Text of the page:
Jack White really wants everyone to stop talking about that .

Jack White of the White Stripes and Raconteurs performs in support of his solo LP Blunderbuss.


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Jack White is already a legend in my books, and I can see him only getting better.


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Jack White performs with the Electric Mayhem on The Muppets  Courtesy of the artist  hide caption

I'm Shakin'

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Jack White at the Paramount / photos by David James Swanson

Childhood: Jack White was born into a large family, in which he was the youngest of 10 siblings. His parents, Teresa and Gorman Gillis both worked for the Roman Catholic Archdiocese. His mother was secretary to the Cardinal and his father was a maintenance man. Jack was an altar boy, like all of his brothers before him.

During their discussion, White touched on the growth of Third Man Records, the significance of playing MSG, how he tailors his shows night-to-night, “Seven Nation Army” becoming a sports arena anthem, as well as what young Jack White was like.

Jack White Performing LivePhoto credit: Rui M Leal / WENN

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In the past, White has let bitterness overwhelm him to fairly unedifying effect: the White Stripes' least enjoyable album by some distance was 2005's , a dour howl of haughty outrage at virtually everyone who wasn't Jack White. What saves Lazaretto from a similar fate is that it possesses both a sense of humour – White introduces That Black Bat Licorice's fiddle solo with the wry announcement that it's merely a continuation of his grumpy fulminations, "the same damn thing with a violin" – and a sense of perspective. Entitlement shifts from peevishness to what sounds like self-admonishment: "Not one single person on God's golden shore is entitled to one single thing," he sings. "Who is the who that is telling who just what to do?" asks the concluding Want and Able, sweetly undermining the how-dare-you finger-wagging that's preceded it. And that's another way in which Lazaretto mirrors White's public apology: it's a rather more complicated business that it first appears.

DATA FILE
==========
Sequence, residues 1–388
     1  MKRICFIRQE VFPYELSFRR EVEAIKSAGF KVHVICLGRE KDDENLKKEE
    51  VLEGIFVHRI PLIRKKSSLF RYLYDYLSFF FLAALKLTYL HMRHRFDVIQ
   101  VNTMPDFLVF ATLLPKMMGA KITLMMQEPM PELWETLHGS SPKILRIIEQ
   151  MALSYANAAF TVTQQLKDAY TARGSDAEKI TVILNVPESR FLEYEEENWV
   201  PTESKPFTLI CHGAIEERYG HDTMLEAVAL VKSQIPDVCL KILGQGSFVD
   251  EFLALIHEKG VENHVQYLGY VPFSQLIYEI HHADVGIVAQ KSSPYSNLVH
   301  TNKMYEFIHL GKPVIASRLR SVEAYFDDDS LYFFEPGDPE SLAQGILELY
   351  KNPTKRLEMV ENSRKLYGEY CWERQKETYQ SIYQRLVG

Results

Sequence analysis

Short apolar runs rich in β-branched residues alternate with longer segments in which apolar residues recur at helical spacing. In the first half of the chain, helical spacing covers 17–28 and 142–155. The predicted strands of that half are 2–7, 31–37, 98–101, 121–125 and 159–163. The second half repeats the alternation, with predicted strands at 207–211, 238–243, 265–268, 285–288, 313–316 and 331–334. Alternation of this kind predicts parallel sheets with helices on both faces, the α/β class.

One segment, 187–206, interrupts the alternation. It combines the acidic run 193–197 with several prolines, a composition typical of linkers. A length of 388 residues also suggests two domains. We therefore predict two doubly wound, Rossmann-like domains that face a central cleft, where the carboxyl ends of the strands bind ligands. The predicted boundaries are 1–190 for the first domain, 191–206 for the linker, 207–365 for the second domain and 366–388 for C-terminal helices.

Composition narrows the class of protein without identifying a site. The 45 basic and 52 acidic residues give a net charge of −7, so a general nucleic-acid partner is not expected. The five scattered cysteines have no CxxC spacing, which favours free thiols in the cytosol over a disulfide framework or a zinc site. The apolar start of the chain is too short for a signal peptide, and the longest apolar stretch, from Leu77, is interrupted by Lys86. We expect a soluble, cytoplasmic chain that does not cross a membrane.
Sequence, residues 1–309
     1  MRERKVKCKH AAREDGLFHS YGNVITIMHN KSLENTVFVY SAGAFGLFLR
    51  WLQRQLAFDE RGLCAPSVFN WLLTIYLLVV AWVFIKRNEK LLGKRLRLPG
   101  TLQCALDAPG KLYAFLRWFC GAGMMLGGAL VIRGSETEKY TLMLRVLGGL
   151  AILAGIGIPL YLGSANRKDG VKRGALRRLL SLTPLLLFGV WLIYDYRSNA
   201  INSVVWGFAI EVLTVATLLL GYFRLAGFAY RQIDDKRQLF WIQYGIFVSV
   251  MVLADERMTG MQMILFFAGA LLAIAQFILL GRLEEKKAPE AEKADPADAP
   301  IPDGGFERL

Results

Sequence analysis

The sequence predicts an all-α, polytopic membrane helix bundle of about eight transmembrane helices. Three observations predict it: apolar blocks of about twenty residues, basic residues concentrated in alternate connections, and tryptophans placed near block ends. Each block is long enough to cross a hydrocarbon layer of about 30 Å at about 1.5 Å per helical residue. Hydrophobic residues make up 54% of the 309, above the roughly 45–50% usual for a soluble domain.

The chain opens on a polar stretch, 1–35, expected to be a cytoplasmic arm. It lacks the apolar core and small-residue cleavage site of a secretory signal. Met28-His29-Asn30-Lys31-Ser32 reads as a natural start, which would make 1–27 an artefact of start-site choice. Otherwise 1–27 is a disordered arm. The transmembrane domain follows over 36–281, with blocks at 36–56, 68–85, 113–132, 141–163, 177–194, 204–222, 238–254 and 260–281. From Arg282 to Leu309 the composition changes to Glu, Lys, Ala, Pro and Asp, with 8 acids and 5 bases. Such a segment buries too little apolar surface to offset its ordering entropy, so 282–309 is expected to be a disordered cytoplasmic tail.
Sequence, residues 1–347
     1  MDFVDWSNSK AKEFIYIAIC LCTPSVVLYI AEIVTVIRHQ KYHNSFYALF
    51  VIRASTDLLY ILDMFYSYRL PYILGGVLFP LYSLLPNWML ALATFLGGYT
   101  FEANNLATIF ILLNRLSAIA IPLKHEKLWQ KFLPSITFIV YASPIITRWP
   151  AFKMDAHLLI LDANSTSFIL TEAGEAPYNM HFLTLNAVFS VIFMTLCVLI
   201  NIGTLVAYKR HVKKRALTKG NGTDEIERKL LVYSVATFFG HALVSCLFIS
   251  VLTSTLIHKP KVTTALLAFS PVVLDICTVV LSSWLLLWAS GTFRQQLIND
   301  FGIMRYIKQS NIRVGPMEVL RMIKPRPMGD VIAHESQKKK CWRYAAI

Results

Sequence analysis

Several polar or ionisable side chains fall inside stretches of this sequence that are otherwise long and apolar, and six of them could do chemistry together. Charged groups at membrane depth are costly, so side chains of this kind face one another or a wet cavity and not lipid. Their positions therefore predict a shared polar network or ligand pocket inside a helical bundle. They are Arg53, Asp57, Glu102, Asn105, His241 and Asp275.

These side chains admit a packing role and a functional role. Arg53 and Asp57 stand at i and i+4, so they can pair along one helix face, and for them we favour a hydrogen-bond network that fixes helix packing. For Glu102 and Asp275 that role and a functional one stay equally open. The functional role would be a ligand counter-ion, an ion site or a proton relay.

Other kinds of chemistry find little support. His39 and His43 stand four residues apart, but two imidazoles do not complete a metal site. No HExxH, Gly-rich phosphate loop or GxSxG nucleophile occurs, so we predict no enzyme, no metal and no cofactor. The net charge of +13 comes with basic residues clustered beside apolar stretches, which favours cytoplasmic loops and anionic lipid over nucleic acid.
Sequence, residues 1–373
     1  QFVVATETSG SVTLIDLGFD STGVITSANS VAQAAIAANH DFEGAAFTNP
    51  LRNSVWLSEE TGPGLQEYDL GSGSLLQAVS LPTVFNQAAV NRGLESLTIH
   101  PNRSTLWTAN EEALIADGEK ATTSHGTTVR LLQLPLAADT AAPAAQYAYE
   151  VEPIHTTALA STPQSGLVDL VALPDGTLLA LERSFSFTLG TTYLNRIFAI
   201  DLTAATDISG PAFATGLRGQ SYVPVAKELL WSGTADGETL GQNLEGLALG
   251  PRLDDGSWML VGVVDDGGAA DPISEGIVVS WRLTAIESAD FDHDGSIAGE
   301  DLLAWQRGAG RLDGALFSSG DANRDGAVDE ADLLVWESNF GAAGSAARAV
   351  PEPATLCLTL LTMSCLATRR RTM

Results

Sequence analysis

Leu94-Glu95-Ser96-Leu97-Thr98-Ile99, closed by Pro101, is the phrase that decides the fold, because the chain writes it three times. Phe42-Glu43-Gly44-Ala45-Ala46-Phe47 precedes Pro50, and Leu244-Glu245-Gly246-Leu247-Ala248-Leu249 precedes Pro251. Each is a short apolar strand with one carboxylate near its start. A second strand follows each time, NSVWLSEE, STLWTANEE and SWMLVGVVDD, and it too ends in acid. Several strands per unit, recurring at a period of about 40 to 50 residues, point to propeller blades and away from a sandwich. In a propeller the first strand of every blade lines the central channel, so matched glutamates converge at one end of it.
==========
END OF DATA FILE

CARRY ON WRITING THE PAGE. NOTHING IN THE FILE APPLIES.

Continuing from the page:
as there been a public apology more obviously delivered through gritted teeth than Jack White's recent ""? At risk of being accused of the "tabloid journalism" White so decries at its conclusion, it's hard to avoid the sensation there's something just a tiny little bit passive-aggressive about, say, its wilfully superfluous extending of good wishes not merely to the Black Keys, but the Black Keys' record label, the Black Keys' producer, every musician who's ever worked with the Black Keys and, in the final paragraph, literally every musician who's ever achieved any degree of success whatsoever at any point in the history of the world. Perhaps this is a terrible misjudgment of tone, but it somehow doesn't seem like the work of a man ruefully reconsidering his opinions. Rather, you somehow picturing him typing it – or writing it on palimpsest vellum with a quill or however Jack White drafts his public apologies in a suitably period manner – with his face like a beetroot and his mouth pursed in a cat's bum of disapproval.